In order to achieve effective absorption of shock forces and also provide the head portion 12 with sufficient stability during use, the shank area 22 of the handle portion is necked down somewhat from the grip area 20 and is formed to have a more angular cross-section, as is shown in FIG. 3. In particular, as part of the present invention, it has been found that the desired stability can be achieved by forming the shank area 22 to have a generally rectangular, vertically elongate (e.g., elongate in a plane parallel to the plane in which the tool is swung in normal use) cross-section, with flats 24a-d being formed at each corner of the rectangle. The resultant configuration, as is shown in FIGS. 1 and 3 has been found to provide the head portion with far greater stability in use than is possible when using a shank portion having an oval or round cross-section; it is believed that this is the result of resistances to torsional forces which develop at the corners between the walls and flats in the angular shank area.

The head portion 12 is cast around the forward end of the handle portion as the second step in the fabrication process, so that the metallic core 16 at the end of the handle portion is centered within the head portion. By contrast with the handle portion, the head portion is cast of a grade of urethane material having a much higher durometer (i.e., greater rigidity), with a minimum durometer of about D72 being eminently suitable for the embodiment which is illustrated in the figures. A urethane elastomer having an isocyanate content at least 9.3% is suitable for this purpose.

Thus, the combination of two grades of the same or comparable urethane material, a high durometer for the head portion and a lower durometer for the handle portion, the present invention provides a cast, one piece hammer in which the head portion forms a satisfactory striking surface while the handle portion effectively absorbs the impact/shock loads which are generated at the head portion.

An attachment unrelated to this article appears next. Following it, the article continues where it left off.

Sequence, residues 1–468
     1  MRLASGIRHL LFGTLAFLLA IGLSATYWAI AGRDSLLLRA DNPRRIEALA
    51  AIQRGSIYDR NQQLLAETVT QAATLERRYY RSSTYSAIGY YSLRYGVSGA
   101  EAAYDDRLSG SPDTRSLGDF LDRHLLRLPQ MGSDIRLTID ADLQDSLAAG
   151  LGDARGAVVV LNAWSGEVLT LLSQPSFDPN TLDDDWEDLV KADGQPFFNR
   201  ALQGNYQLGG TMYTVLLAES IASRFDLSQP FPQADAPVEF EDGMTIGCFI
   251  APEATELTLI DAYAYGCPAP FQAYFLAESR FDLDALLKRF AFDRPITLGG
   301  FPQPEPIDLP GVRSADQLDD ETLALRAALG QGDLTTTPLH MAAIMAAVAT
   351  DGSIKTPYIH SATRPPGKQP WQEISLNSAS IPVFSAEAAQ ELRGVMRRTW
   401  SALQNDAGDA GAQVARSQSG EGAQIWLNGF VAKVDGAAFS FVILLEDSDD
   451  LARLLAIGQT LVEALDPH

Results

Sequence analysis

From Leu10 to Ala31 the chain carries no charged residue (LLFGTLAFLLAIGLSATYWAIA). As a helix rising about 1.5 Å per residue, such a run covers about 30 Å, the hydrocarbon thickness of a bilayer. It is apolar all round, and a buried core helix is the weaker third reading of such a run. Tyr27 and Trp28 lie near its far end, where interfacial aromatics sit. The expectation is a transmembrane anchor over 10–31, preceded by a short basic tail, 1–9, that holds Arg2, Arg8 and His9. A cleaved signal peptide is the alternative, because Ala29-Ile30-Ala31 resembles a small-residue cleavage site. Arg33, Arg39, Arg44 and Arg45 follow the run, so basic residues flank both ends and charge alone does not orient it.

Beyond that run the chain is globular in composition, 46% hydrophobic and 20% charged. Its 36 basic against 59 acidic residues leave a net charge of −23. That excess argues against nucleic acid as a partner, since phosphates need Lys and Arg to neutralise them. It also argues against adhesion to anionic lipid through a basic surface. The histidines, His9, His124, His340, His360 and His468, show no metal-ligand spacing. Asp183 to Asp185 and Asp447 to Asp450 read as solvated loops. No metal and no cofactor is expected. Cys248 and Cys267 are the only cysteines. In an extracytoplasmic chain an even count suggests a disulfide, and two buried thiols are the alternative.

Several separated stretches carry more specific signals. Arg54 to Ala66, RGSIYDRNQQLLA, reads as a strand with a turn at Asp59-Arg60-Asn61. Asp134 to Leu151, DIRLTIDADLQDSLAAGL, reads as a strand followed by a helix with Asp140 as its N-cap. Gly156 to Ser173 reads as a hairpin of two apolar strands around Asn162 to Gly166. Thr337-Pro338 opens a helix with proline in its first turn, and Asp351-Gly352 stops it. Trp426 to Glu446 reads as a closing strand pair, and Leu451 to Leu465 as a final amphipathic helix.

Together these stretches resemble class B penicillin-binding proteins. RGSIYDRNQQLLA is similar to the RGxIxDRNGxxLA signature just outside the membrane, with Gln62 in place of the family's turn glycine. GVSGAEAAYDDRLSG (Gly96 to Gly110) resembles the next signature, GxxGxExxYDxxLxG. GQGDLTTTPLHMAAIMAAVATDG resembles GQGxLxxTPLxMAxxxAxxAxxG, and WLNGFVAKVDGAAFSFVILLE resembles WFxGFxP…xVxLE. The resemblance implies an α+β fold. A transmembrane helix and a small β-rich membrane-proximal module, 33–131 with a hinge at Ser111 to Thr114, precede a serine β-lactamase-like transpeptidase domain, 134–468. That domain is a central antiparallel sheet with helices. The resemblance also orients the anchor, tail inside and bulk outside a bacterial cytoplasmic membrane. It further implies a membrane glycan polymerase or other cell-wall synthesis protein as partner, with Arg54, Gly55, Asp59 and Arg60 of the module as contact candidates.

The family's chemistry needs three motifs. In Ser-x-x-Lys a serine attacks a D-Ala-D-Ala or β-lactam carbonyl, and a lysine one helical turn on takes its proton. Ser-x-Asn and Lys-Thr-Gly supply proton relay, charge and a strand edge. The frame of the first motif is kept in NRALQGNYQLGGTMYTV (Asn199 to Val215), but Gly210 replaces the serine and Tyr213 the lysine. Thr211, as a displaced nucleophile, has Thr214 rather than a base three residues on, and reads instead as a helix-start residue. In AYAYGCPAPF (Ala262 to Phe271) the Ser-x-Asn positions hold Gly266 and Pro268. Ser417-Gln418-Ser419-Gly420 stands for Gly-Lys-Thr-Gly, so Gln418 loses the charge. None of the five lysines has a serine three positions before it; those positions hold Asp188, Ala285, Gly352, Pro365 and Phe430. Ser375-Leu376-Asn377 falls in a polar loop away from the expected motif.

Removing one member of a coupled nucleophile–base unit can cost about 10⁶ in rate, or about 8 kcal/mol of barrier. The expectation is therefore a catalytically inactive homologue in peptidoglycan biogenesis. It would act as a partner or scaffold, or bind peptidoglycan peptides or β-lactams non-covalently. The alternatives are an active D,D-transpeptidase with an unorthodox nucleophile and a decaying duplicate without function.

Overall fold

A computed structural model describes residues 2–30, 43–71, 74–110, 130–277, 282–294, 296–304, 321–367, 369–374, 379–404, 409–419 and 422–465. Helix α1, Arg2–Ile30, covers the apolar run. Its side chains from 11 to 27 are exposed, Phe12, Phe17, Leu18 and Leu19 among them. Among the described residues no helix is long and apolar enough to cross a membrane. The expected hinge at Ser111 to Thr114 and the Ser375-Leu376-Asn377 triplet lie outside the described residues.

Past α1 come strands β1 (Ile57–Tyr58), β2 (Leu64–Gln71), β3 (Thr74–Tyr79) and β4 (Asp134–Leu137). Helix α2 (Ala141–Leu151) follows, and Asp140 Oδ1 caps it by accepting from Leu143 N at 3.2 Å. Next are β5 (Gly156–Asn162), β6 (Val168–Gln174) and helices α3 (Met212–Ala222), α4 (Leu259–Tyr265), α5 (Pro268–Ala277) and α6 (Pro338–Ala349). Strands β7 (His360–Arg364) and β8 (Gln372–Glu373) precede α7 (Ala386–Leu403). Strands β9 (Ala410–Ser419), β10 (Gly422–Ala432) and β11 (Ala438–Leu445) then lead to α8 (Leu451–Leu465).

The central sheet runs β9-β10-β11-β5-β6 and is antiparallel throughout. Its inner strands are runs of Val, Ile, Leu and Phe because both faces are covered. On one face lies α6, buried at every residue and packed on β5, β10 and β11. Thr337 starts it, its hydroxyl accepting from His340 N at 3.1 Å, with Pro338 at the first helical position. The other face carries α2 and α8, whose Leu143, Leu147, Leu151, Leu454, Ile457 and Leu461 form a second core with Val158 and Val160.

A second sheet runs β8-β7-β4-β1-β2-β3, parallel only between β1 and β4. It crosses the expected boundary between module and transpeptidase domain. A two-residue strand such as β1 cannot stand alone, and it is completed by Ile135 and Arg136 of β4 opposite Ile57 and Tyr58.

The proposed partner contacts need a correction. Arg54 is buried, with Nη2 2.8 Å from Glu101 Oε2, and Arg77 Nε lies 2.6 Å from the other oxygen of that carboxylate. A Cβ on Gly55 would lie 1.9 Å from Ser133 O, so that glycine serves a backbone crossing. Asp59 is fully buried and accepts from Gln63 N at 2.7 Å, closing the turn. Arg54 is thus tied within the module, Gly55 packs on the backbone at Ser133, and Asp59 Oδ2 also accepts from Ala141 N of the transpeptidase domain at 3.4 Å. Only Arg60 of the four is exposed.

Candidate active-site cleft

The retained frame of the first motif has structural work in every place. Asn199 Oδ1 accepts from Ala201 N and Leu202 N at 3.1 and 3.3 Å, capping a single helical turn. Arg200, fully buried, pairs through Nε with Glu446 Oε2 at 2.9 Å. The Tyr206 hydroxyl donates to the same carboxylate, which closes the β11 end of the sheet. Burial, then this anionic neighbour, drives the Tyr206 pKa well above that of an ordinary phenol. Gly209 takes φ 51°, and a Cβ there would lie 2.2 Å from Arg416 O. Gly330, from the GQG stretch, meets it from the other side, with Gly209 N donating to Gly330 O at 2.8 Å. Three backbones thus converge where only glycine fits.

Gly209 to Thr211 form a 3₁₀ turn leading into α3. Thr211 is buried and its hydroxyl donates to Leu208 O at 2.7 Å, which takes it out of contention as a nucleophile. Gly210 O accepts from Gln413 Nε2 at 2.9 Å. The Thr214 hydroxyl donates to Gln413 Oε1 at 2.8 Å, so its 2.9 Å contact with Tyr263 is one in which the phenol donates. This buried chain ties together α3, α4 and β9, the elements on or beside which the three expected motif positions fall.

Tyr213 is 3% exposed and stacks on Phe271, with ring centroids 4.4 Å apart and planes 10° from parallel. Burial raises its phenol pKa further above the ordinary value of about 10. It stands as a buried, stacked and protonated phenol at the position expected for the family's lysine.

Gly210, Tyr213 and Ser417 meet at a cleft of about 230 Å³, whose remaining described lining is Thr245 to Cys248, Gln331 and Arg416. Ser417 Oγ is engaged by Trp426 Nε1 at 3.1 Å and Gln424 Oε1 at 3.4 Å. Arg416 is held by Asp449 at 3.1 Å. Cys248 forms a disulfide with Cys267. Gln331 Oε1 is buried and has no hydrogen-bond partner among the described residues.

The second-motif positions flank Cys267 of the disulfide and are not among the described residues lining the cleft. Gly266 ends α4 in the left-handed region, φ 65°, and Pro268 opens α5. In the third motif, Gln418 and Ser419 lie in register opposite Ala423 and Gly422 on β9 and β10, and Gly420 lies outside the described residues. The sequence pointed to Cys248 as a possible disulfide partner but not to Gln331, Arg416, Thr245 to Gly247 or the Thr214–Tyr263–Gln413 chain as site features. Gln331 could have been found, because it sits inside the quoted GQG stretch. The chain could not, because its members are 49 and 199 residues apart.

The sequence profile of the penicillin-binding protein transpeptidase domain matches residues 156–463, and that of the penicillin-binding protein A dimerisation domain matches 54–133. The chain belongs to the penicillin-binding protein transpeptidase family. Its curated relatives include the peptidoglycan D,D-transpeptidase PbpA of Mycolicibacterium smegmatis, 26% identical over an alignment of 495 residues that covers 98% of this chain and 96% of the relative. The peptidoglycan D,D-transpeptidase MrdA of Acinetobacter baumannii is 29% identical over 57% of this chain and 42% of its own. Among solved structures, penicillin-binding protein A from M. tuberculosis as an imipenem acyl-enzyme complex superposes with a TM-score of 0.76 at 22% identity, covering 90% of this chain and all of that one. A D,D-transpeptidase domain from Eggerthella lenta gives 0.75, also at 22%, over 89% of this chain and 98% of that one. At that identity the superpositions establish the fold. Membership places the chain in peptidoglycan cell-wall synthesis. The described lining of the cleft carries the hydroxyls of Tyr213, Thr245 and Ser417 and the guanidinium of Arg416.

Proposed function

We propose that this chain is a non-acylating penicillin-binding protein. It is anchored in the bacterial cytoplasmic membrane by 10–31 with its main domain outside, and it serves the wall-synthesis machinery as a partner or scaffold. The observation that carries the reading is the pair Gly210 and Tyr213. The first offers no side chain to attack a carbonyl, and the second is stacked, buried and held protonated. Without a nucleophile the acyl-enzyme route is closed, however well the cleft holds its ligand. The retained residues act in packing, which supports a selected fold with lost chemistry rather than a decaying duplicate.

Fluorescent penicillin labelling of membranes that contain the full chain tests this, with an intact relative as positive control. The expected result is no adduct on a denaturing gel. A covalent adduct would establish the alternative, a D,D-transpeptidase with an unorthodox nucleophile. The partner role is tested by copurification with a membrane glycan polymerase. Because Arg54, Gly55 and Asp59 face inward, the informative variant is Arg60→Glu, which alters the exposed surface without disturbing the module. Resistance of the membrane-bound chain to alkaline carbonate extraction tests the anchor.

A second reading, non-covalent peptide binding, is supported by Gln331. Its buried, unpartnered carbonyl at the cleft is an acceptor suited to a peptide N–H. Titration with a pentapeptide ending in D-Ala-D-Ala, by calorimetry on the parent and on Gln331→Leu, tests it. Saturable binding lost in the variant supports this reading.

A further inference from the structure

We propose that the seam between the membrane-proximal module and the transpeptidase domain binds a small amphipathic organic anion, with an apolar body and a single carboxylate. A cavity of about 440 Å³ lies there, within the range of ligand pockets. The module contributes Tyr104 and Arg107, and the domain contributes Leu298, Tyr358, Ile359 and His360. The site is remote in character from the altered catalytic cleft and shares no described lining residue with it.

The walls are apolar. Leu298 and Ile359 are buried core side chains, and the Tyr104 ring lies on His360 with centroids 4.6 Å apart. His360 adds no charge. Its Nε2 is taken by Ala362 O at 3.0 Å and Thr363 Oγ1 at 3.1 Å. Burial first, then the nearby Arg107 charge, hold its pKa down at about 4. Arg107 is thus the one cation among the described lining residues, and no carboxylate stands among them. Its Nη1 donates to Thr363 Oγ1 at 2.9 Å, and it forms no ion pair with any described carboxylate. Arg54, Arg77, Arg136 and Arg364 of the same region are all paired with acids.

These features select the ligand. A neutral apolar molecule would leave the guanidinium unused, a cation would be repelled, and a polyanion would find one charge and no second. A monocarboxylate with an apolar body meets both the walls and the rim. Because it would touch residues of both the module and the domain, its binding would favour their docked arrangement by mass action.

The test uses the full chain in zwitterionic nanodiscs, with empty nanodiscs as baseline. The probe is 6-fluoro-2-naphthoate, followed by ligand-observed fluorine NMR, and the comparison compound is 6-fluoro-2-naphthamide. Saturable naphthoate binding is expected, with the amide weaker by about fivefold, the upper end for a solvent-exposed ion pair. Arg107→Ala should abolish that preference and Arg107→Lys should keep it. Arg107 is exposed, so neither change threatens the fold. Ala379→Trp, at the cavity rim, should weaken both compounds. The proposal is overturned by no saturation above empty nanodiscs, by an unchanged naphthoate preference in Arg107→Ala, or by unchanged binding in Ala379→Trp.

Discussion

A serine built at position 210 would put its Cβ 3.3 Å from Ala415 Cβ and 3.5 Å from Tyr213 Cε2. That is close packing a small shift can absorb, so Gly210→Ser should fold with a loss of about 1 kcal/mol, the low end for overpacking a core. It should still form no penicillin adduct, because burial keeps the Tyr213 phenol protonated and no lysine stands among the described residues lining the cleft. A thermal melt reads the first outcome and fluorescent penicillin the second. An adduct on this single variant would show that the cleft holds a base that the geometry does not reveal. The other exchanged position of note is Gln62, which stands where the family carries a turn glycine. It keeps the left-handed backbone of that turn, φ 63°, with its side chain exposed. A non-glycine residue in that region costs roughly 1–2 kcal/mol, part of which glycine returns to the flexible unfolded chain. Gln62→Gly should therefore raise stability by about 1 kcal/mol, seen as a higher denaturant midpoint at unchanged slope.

c. Molding Process

As was noted above, the hammer/mallet of the present invention is cast using a two-stage molding process. In the first stage, the handle portion is cast using the lower durometer urethane material, with the steel core being encased within the forward end thereof. In the second step, the head portion of the tool is cast around the steel core and forward end of the handle portion.

FIG. 4 shows the first half 30a of the mold 30 (the other half 30b not being shown) which is used to cast the handle portion 14 of the hammer or mallet. The mold may suitably be formed of heat stable plastic. A first longitudinally-extending cavity 32 is formed in the mold, and which defines the grip and shape areas 22 as previously described. The forward end of the longitudinal cavity 32 terminates in an area located proximate to or somewhat forwardly of the vertical axis of the head portion in the finished article. A second cavity 34 extends across the forward end of the first cavity in this area, generally transverse to the lengthwise axis of the handle portion. The second cavity 34 is sized to receive a short, cylindrical, steel (or other metallic) core 16 or other weight. The forward end of the main handle cavity 32 extends radially (relative to the transverse axis) all around the transverse cavity 34, so as to form a collar area 36 which encircles the steel core 16 when the two mold halves 30a, 30b are brought together.

To cast the handle portion 14 of the hammer, the steel core is inserted placed in the cavity 34, and then the two mold halves 30a, 30b are brought together for filling with the first, lower durometer urethane material, which can be suitably accoplished using a gravity pour process. After this has set, the mold halves are separated, and the handle is removed, with the steel core being encircled by the collar portion 36 at its forward end. Although the secondary cavity in the mold extends transversely to the long axis of the handle in the embodiment which is illustrated, it will be understood that the secondary cavity for the weight can simply be an extension or continuous part of the primary cavity for the handle in some embodiments.

The at least partially cured handle portion 14 is then placed in a second mold 40 comprising mold halves 40a, 40b (only 40a being shown in the figures). The second mold has a longitudinal handle cavity 42 which closely matches the corresponding cavity 32 in the first mold 30, so that grip and shank areas of the handle nest tightly therein. Although the figures show a closed cavity, it will be understood that in some embodiments the area for the handle may be open-ended or truncated, so long as the handle is held firmly in place.